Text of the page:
2. American taxpayers, without being consulted, are giving Israel over $10 million dollars per day of their tax money - far more than to any other nation on earth. This enormous disbursement abroad of American money is rolled over year after year, and is often increased - without any debate whatsoever by our governmental representatives.
3. With this money the Israeli government is maintaining an occupation that has been decreed illegal according to the United States government and international law. This occupation of the West Bank, Gaza Strip, and Golan Heights is engendering escalating violence, which is costing the lives of numerous innocent civilians, both Israeli and Palestinian.
4. A multitude of international observers and organizations - from the International Red Cross to UNICEF to Israeli nongovernmental organizations - have reported systemic and continuing violations by Israel of the Geneva Conventions. These violations create desperate reprisals by Palestinian resistance organizations, causing a tragic and growing cycle of violence that inflames the entire region.
5. In 1967 Israeli forces attacked an American naval ship, the USS Liberty, killing 34 American servicemen and injuring 172. Former Chairman of the Joint Chiefs of Staff Admiral Thomas Moorer called this attack “an act of war against the United States of America.” For over 30 years the surviving crewmembers of the USS Liberty have long called for a thorough, honest, and open Congressional investigation of the attack that killed their crewmates and maimed many of them. To date, Congress has failed to give these American servicemen the respect of its attention.
6. In 2004 an Israeli military bulldozer crushed to death 23-year-old American Rachel Corrie, who was sitting on the ground in front of a Palestinian family home in an attempt to prevent it from being bulldozed. Rachel’s parents, Cindy and Craig Corrie, are asking that the United States investigate their daughter’s death by America’s close ally.
It is time for the United States to work toward peace between Israelis and Palestinians through the implementation of policies of rationality, morality, and practicality. It is time that American funding be contingent on adherence to international law and American principles. Only through justice and firm resolve will peace be achieved. It is unacceptable for Israel to take American money while disdaining American needs.
1. The United States must end all aid to Israel until it obeys international law. By doing this, Israel will finally take the road to peace that many of its citizens have long called for. In addition, the United States will demonstrate the principles of fairness and democracy that will begin to earn back the respect that our nation traditionally enjoyed in the region.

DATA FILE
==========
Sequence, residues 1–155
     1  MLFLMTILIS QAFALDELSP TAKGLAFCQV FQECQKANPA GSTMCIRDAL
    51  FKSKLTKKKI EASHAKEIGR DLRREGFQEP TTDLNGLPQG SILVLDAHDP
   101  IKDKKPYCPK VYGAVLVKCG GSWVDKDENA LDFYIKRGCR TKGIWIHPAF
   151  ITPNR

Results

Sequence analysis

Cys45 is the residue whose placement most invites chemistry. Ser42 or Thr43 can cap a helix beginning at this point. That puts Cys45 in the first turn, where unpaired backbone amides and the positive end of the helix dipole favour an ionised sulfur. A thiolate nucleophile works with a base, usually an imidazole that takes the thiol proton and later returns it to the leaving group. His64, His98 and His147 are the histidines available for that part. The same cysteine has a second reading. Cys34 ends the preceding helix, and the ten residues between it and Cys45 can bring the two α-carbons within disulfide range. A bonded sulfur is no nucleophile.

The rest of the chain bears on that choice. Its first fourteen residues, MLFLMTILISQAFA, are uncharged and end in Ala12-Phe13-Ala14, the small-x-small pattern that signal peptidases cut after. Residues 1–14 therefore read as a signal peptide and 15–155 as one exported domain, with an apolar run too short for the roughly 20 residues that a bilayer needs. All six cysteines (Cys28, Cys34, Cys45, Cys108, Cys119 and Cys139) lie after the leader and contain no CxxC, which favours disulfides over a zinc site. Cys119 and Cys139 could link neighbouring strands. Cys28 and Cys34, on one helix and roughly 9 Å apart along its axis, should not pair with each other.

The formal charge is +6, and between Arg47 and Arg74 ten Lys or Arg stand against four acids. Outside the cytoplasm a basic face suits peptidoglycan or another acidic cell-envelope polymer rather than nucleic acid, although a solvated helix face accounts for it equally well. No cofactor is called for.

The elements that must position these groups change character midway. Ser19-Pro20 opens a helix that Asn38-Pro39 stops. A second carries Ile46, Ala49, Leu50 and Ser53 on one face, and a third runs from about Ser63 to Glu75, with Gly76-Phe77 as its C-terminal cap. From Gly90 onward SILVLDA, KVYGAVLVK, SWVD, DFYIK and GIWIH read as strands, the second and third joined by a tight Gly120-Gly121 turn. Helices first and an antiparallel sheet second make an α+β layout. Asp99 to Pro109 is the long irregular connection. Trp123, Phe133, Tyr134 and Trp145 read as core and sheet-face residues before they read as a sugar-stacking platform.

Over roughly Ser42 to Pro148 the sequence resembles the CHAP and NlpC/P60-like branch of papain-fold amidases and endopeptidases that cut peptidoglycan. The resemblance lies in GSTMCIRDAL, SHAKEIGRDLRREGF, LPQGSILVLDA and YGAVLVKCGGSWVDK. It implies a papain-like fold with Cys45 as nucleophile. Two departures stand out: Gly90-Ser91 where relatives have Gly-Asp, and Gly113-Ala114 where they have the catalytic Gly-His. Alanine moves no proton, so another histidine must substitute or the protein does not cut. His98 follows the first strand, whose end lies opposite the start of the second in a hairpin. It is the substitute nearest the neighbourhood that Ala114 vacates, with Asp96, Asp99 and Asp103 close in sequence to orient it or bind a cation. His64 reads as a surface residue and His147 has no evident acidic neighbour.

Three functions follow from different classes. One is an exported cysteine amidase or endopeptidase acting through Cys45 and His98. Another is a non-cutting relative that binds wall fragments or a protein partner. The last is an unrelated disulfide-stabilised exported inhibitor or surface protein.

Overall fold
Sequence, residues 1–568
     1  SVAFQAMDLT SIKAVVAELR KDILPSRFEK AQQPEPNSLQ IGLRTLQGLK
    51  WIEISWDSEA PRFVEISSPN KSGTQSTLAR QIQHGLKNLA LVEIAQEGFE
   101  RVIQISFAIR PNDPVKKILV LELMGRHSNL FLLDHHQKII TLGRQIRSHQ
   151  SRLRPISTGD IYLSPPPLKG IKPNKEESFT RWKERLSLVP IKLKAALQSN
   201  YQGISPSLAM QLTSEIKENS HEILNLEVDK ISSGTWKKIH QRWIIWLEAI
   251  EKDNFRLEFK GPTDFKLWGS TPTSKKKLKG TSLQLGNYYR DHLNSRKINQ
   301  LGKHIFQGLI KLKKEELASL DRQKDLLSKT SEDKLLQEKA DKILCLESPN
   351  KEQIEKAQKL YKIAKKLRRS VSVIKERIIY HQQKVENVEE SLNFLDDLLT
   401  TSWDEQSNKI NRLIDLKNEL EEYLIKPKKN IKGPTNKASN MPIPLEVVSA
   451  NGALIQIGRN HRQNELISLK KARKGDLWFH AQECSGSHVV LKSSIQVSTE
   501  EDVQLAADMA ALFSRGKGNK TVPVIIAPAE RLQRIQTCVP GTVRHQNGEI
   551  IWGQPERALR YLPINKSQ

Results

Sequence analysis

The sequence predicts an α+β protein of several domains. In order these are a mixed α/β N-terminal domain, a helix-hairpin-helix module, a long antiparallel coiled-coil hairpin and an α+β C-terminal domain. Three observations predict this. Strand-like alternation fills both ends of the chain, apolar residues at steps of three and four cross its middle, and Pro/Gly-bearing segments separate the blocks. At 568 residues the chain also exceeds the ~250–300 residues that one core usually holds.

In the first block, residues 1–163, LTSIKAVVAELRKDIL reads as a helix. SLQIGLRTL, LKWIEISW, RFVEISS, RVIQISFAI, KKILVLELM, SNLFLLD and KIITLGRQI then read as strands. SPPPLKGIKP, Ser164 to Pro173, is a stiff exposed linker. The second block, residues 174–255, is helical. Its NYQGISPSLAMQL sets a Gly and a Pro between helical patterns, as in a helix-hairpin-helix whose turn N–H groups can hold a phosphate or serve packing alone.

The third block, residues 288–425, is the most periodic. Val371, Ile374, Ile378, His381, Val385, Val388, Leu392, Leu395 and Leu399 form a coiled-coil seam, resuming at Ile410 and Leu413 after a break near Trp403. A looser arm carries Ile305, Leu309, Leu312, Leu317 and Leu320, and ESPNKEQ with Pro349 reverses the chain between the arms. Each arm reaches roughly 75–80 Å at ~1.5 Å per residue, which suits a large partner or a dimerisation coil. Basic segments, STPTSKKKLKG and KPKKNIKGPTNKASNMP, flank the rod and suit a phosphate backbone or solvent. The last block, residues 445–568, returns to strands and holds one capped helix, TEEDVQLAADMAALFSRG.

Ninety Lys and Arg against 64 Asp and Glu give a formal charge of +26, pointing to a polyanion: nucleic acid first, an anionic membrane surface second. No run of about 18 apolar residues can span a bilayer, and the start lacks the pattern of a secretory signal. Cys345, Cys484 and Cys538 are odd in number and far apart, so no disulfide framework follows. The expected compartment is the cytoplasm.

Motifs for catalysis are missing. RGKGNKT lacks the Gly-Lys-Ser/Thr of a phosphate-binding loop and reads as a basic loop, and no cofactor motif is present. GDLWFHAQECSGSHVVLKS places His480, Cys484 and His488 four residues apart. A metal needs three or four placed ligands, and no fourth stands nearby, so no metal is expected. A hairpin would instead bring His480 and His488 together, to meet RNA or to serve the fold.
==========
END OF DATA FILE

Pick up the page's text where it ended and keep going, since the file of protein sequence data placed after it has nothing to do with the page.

2. The United States Congress must immediately undertake a fair and thorough investigation of the USS Liberty. This will bring the justice these Americans deserve, and demonstrate to future American servicemen that they will not be abandoned.
3. The United States Congress must call for an immediate and open investigation of Rachel Corrie’s death. The Corries, and all Americans, have the right to learn the truth. When Daniel Pearl was killed in Pakistan, American investigators were there within days. Rachel Corrie deserves the same.
For many years, Israeli and Palestinian civilians have been living in tragic fear and violence. As the United States Congress sends more and more aid to Israel, Americans are becoming increasingly embroiled in this conflict and imperiled by its violence. Peace can only come through justice. It is time that America stand up for our principles of equality, inclusion, and fairness. It is time that American policies ensure the right of Israelis and Palestinians to exist in peace. By doing so, we will not only bring peace to this sacred land, we will bring it to our own as well.
Wow, for someone who “doesn’t want foreign intervention”, he seems to want a lot of “do what America wants or else”!
I would consider most of this post to be honest. Not all of it, mind you; some of it pushes for too much/is untrue.
But requesting that aid to Israel/other nations stop and that we actually investigate the USS Liberty’s sinking is pretty non-interventionist. If we were attacked, we ought to know by whom we were attacked. It’s not at all a pressing foreign policy.